Much of the Phuket City Center area is home to quaint cafés, tiny printing shops, and private and public museums. Popular attractions include Phuket Butterfly Garden and Insectarium, Phuket Orchid Garden and Thai Village, where visitors can enjoy folk dances, Thai boxing and elephant shows.
The Old Town (Dibuk, Krabi and Thalang Roads) is lined with ornate shophouses and beautiful colonial Sino-Portuguese mansions built by Chinese tin barons over a century ago. Visitors exploring the area on foot can also take in a number of nearby Chinese shrines, such as Put Jaw and Jui Tui, near the fresh market.
A spectacular view of the city, jungle and sea, can be enjoyed from the top of Khao Rang, a hill on the city’s northwest edge. A couple of good restaurants are located here, and visitors can take in the view with a delicious meal. There are a number of diverse dining options throughout the city, and establishments cater to locals and expats, as opposed to tourists. Nightlife is similarly oriented towards locals.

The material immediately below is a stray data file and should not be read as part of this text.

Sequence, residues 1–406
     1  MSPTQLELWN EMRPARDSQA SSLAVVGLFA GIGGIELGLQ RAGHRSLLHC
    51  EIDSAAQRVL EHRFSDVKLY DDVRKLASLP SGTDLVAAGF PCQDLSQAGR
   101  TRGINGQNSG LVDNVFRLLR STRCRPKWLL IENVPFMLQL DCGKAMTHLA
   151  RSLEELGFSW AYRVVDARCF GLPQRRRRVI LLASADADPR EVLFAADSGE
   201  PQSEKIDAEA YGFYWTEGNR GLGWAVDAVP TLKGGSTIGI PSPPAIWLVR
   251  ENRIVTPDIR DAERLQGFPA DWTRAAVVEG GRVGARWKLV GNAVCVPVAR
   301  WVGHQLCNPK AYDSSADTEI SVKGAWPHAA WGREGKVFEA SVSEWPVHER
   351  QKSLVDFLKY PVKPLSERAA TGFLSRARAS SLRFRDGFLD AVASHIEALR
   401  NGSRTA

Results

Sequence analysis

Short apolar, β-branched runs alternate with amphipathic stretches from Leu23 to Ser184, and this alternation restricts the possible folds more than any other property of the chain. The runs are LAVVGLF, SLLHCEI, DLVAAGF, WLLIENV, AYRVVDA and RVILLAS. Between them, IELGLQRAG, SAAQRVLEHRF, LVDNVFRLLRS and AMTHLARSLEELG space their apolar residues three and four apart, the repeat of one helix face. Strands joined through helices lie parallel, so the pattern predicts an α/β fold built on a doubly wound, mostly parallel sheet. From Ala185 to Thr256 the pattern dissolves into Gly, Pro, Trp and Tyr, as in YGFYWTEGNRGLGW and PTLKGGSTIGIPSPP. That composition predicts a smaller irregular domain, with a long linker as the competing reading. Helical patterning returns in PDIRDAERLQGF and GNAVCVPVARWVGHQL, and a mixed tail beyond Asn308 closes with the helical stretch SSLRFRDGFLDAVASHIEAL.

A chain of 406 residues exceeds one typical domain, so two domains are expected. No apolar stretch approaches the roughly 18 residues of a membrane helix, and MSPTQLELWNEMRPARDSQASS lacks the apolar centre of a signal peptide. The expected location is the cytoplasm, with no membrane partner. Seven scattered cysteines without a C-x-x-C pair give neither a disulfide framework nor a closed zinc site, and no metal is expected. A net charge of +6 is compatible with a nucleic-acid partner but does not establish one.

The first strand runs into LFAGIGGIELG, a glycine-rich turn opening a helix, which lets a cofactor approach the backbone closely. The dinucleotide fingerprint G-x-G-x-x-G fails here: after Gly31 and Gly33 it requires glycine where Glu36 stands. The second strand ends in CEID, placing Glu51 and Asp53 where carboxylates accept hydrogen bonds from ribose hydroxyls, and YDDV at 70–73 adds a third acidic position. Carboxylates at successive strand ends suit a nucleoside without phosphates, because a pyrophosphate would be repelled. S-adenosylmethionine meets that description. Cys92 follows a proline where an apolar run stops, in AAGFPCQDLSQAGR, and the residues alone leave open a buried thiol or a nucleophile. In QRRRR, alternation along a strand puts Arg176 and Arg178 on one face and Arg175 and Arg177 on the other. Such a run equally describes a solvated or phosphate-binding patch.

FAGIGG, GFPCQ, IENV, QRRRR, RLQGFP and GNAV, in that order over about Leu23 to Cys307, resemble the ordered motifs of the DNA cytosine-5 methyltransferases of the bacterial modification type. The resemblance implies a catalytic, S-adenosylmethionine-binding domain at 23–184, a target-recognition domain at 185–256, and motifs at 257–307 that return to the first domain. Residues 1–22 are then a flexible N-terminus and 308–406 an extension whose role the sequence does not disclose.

There area has several department stores, and a number of boutiques and small galleries along Thalang, Yaowarat and Phang Nga roads selling antiques, ceramics and paintings. Phuket Night Bazaar also sells locally-made handicrafts, and a weekend market opposite Wat Naka has endless stalls with the cheapest of Thai souvenirs.
While the range of accommodation options is slightly limited, hotel rates in the city are less than near the beaches, and songthaews provide inexpensive access to the rest of the island. An abundance of motorcycle taxis and tuk-tuks also make getting around the city easy. Visitors can also catch a ferry from Rassada Pier to Koh Phi Phi, Rai Leh, or any of the surrounding islands.